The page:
Testing out an iPad Pro 12.9"

2 minute read

I’ve been using the wonderful Mobilesheets Pro on my Android Tablet (a Lenovo Tab 4 10) for my choir(s) that I’m a member of. The best thing since slided bread! (well, not really, but it does allow me to easily take a lot of sheet music along without having to drag around several binders).

The only bad thing is the size of the tablet. The Lenovo Tab 4 10 is - as the name suggests - 10”. Which is a lot smaller than a standard A4 piece of paper.

I’ve been looking around for a replacement tablet, but on the Android front this seems to be difficult to find, definitely if you don’t want to settle with a tablet that runs Android 5 (which came out in 2014(!))

So, after being convinced by a friend, I got an iPad Pro 12.9”, to see if this would work for me. The iPad together with the Apple Pencil 2, since I do make a lot of notes on the tablet itself.

This was also my first foray into iOS… and probably the last unless Apple decides to make serious changes. I returned the device before two weeks were over.

It’s an amazing piece of hardware, helt back by iOS and the limitations which date from the very first iPad / iPhone in my opinion…

The pro:

  • Amazing screen - super sharp
  • Stylus worked well and it’s nice that it just snapped to the size
  • Battery life is good

The con:

  • Heavy. Ok, it’s a 12.9”, so that’s actually acceptable.
  • No decent sort of multitasking. You can drag stuff to the side of the screen but it just doesn’t work fluently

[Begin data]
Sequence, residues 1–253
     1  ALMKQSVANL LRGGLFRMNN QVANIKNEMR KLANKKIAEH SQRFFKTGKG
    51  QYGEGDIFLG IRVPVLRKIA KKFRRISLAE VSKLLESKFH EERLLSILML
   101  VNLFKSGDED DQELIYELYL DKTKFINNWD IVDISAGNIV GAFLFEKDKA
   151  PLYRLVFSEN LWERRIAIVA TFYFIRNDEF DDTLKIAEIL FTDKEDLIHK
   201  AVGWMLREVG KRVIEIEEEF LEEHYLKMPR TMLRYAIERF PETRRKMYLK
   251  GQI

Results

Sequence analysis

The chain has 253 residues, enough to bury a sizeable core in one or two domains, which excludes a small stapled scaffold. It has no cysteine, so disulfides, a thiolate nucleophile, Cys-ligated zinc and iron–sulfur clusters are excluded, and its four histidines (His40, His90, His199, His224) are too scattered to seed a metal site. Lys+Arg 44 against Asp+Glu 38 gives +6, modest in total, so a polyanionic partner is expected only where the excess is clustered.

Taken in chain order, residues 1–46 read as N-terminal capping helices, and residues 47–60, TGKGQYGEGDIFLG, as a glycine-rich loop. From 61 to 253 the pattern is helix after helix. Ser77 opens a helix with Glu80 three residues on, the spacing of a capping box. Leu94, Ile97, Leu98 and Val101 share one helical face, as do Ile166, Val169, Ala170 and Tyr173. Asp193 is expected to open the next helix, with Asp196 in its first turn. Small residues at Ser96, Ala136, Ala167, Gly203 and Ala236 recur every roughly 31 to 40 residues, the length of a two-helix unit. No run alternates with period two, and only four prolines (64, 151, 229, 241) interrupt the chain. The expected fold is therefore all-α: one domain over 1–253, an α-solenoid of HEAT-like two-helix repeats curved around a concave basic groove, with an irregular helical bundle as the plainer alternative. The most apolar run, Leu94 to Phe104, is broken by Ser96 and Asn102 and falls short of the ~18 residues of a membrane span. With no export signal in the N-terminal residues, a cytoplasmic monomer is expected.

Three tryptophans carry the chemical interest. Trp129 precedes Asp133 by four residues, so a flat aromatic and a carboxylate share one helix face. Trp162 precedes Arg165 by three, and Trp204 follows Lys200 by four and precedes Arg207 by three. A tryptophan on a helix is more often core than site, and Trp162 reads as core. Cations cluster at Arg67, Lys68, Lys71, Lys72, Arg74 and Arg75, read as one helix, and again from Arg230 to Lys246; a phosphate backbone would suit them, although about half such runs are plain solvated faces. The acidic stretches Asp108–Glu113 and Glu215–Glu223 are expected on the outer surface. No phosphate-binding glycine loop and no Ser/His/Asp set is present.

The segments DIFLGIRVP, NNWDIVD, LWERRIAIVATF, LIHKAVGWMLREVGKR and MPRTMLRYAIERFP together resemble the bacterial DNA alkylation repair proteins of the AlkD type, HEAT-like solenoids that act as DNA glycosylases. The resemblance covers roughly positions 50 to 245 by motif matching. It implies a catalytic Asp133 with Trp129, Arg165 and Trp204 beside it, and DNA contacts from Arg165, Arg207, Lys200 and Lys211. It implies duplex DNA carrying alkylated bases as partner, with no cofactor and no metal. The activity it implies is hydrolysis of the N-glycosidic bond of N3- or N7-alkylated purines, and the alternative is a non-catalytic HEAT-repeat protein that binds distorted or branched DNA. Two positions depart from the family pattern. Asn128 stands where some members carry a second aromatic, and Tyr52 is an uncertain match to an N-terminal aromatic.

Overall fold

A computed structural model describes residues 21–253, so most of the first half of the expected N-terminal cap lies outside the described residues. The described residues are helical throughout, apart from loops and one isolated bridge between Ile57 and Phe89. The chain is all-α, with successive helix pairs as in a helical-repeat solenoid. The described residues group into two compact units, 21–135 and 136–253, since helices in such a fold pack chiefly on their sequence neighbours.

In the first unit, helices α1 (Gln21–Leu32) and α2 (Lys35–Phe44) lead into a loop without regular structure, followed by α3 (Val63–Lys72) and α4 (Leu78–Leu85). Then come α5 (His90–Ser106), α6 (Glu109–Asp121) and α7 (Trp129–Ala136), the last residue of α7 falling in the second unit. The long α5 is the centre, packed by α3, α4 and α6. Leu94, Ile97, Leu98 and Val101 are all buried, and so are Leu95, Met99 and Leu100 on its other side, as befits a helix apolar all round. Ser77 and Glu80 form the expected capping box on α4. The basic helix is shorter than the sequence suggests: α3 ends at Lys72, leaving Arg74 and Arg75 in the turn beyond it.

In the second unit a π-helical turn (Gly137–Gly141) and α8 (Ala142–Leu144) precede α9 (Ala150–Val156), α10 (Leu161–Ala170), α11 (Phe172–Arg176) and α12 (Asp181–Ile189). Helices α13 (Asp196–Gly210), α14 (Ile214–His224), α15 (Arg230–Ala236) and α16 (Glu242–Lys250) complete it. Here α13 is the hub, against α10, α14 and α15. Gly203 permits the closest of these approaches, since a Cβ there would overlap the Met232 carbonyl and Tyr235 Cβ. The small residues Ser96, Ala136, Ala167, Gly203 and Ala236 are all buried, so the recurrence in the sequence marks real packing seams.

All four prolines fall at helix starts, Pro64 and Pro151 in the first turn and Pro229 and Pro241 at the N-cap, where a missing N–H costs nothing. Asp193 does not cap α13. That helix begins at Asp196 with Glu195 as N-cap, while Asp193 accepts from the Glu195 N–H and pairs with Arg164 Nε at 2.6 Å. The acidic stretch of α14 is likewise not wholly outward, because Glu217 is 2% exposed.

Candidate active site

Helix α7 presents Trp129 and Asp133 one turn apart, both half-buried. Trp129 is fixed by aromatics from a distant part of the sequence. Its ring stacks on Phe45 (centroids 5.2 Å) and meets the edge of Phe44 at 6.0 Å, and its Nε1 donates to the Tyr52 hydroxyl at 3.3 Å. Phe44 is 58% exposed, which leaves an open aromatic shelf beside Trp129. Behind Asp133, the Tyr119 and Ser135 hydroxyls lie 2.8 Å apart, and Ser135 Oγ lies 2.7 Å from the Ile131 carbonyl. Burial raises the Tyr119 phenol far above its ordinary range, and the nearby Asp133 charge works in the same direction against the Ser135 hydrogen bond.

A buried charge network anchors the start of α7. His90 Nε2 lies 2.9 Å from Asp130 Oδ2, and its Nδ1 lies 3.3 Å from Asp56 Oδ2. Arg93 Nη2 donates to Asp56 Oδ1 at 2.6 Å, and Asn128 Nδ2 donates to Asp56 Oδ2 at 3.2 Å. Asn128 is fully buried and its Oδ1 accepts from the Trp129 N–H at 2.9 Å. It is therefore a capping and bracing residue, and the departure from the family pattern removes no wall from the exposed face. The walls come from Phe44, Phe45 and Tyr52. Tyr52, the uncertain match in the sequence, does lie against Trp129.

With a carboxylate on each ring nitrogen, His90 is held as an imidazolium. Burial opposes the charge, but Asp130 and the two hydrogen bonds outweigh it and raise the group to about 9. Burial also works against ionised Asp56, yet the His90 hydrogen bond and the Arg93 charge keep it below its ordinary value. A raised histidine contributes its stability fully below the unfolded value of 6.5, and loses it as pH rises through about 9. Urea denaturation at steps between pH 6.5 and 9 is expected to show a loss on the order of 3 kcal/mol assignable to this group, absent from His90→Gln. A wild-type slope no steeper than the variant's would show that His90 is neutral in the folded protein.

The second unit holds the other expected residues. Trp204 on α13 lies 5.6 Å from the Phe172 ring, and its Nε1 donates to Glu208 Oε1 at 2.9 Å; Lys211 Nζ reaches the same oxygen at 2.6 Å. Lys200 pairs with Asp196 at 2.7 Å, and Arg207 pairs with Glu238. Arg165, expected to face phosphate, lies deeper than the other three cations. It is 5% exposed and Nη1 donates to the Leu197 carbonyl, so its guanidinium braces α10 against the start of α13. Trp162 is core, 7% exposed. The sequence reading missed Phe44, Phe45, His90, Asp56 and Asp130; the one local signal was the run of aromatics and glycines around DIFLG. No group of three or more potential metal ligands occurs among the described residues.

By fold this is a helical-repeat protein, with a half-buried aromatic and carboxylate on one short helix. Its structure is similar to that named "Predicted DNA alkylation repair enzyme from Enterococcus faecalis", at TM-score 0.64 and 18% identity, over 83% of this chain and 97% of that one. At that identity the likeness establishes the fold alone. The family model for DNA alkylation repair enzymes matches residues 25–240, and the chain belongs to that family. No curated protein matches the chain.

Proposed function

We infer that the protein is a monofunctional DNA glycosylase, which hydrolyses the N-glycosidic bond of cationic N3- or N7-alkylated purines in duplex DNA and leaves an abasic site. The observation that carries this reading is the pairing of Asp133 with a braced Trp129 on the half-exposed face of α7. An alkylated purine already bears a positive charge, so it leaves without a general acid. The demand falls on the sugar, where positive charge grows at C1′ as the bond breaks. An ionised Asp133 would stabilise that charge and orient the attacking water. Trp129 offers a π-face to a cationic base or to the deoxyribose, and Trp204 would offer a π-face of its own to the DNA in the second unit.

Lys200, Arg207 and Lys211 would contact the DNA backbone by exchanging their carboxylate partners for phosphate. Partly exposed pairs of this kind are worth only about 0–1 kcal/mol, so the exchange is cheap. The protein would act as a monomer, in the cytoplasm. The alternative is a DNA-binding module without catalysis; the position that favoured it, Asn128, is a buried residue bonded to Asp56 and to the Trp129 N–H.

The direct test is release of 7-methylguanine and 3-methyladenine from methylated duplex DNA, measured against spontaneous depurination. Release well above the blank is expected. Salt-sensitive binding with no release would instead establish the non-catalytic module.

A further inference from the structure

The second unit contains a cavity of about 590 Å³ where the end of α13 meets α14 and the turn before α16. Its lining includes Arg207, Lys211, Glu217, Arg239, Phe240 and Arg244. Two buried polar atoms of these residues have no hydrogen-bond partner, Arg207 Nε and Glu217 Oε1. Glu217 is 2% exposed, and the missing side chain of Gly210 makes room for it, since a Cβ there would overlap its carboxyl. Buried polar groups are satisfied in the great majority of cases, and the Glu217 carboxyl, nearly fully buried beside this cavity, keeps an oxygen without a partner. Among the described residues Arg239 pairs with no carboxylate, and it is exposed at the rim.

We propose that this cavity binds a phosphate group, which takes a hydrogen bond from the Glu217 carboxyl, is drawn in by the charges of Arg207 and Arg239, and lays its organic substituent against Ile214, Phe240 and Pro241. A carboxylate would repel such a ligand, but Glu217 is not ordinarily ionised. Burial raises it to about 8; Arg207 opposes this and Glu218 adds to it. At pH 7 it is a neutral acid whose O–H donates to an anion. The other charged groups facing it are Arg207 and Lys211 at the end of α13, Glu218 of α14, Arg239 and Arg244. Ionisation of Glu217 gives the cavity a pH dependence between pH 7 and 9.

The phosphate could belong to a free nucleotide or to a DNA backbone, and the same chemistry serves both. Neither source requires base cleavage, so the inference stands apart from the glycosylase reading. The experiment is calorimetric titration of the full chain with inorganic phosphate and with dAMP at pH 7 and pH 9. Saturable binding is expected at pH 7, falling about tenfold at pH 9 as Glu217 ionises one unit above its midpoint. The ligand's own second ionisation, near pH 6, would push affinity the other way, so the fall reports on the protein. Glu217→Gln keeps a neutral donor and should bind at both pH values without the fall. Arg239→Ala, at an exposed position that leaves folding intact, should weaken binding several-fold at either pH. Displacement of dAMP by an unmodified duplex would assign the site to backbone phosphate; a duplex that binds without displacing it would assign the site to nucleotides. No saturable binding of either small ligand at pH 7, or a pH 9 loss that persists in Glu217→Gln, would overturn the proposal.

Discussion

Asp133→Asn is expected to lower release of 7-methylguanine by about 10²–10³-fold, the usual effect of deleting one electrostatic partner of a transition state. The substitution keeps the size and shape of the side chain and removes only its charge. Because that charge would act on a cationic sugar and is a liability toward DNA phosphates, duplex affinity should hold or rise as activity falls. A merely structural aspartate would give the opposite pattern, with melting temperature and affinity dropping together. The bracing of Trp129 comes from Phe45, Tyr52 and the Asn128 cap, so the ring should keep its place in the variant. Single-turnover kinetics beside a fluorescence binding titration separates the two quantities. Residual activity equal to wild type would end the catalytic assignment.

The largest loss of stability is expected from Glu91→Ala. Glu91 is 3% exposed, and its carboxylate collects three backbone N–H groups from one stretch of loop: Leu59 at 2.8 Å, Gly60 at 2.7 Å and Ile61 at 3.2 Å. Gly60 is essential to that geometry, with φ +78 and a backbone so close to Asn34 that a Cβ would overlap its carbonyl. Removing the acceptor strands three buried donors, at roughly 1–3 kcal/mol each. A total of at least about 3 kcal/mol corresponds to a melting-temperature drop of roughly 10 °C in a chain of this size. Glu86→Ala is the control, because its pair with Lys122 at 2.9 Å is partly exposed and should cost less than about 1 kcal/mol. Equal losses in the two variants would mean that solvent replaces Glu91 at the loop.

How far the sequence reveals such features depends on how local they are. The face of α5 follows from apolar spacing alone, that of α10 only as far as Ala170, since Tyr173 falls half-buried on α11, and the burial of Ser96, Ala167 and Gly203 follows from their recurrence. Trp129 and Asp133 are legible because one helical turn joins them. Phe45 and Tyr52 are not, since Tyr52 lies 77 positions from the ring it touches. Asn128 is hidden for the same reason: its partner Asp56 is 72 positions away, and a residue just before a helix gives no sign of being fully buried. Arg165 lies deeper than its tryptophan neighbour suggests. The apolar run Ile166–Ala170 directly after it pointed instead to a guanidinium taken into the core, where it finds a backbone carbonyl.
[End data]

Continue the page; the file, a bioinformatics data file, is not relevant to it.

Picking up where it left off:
• No multiuser capabilities to speak of - wtf?
  • No way to have an app have a wakelock (keep the display on?) or have a rotation lock (keep the display always in portrait)
  • Mission control isn’t. Sorry, it isn’t.
  • iOS seems to decide for you all the time what you want to do. If I want to switch off the bluetooth, I want it off. Not in some semi state that it’s still on but not really either. Yes, I know my pencil won’t work. I KNOW!
  • Testing apps seemed to be impossible without buying them immediately (this seems to be a rather recent addition to the Apple Store)
  • Trying to get a certificate installed in iOS is a challenge. After searching for quite a while I finally figured out that you need to do this using Safari - since there’s no way to get files on this thing, I had to put it on a webserver to get it.
  • Apps seem to be focussed mostly on appeal vs usability. ForScore (touted by many of my choir colleagues as THE app for sheet music) is extremely pretty… but incredibly inpractical to use.
  • Base functionality seems to be missing. It feels incomplete.

People will probably disagree with me and say that it’s the tablet, but… not for me.